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A model of resilience: Waldo County Maine’s off-grid emergency operations center

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Waldo County is an idyllic New England community in the Midcoastal region of Maine. At first glance, it seems an unlikely location for some of the country’s most cutting-edge innovations in emergency management planning and resilience.

Consisting of 853 square miles and with a population just under 40,000 people, Waldo County has a population density of 46 people per square mile. A “bedroom county” the majority of Waldo’s citizens work in and around Bangor in neighboring Penobscot County, the state’s third largest city with more than 30,000 residents, or in one of the other smaller cities outside of Waldo County.

Waldo has built a robust county emergency management program that incorporates public and private sector actors utilizing both time-honored Civil Defense concepts and an all-hazards approach.

It is also home to what may be the country’s first county-level Off-Grid Emergency Operations Center, designed to resist –and outlast – a prolonged power-outage, whether resulting from a severe winter storm or hurricane, from solar weather, or even an electromagnetic pulse attack.

The operations center is the brainchild of Lt. Col. (Ret.) Dale Rowley, the director of the county’s Emergency Management Agency, a position he has held for nearly 18 years. Previously, Rowley served almost a decade as Waldo County EMA volunteer deputy director, as the EMA director for the Town of Thorndike, as well as the Emergency Management Officer for the Maine Air National Guard. A civil engineer by training, Rowley served in the U.S. Air Force and Air National Guard for 22 years.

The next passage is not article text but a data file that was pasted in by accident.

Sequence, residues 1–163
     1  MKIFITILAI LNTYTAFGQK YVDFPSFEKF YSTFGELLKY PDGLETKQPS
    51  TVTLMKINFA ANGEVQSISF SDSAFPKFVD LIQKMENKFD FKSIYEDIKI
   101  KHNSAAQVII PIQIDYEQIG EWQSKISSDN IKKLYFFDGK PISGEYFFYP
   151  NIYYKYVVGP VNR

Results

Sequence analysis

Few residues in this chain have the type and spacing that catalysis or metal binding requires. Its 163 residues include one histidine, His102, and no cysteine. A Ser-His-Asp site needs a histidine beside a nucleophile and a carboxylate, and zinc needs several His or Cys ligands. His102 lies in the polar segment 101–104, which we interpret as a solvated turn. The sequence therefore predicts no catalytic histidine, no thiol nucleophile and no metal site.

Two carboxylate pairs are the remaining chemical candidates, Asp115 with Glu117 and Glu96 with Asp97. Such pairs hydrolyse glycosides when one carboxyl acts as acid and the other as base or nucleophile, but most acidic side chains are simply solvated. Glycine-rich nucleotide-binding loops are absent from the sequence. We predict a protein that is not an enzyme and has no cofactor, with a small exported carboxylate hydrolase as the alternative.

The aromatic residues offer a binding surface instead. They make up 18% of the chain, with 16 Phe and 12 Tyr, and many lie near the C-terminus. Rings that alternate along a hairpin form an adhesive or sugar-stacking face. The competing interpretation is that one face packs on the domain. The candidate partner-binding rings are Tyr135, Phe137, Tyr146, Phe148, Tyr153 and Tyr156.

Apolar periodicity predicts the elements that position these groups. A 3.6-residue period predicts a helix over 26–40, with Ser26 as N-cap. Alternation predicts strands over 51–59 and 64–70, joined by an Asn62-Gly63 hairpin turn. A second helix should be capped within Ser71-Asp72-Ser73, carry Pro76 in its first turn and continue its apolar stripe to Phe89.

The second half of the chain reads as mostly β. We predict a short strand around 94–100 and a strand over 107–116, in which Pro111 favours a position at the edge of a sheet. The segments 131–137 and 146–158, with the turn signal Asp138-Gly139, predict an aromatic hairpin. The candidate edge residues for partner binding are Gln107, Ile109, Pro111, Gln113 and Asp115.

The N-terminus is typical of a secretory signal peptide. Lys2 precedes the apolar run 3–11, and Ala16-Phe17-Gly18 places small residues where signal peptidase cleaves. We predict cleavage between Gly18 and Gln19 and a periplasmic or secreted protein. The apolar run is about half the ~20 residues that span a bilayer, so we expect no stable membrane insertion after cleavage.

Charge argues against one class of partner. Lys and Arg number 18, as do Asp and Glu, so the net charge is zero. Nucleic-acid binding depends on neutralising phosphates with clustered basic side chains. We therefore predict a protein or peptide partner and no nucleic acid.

A member of the Center for Security Policy’s Resilient Communities Network (RCN), and a long-time participant in the Secure the Grid Coalition, Rowley firmly believes that widespread prolonged power-outage is the most serious potential threat facing his county.

“The greatest consequence we have from any of our hazards, is the long-term loss of power. We’ve had floods. Nobody dies, but we have road damage. We have oil spills. Nobody dies, but we clean up the mess. We have some real emergencies, some of them are million-dollar emergencies,” Rowley stresses, “But they aren’t threats to our society, or our ability to operate, like widespread, long-term loss of power.”

That logic formed the basis for the creation of an off-grid capable operations center for the county’s Emergency Management Agency. “You must have some place that can say, ‘We’re still up and running. We are going to try and get everybody else back up and running.’” Rowley notes, “We’re trying to make sure that this [Emergency Operations Center] can operate indefinitely, in the event of a grid-down situation.”

Click HERE to read the full Report

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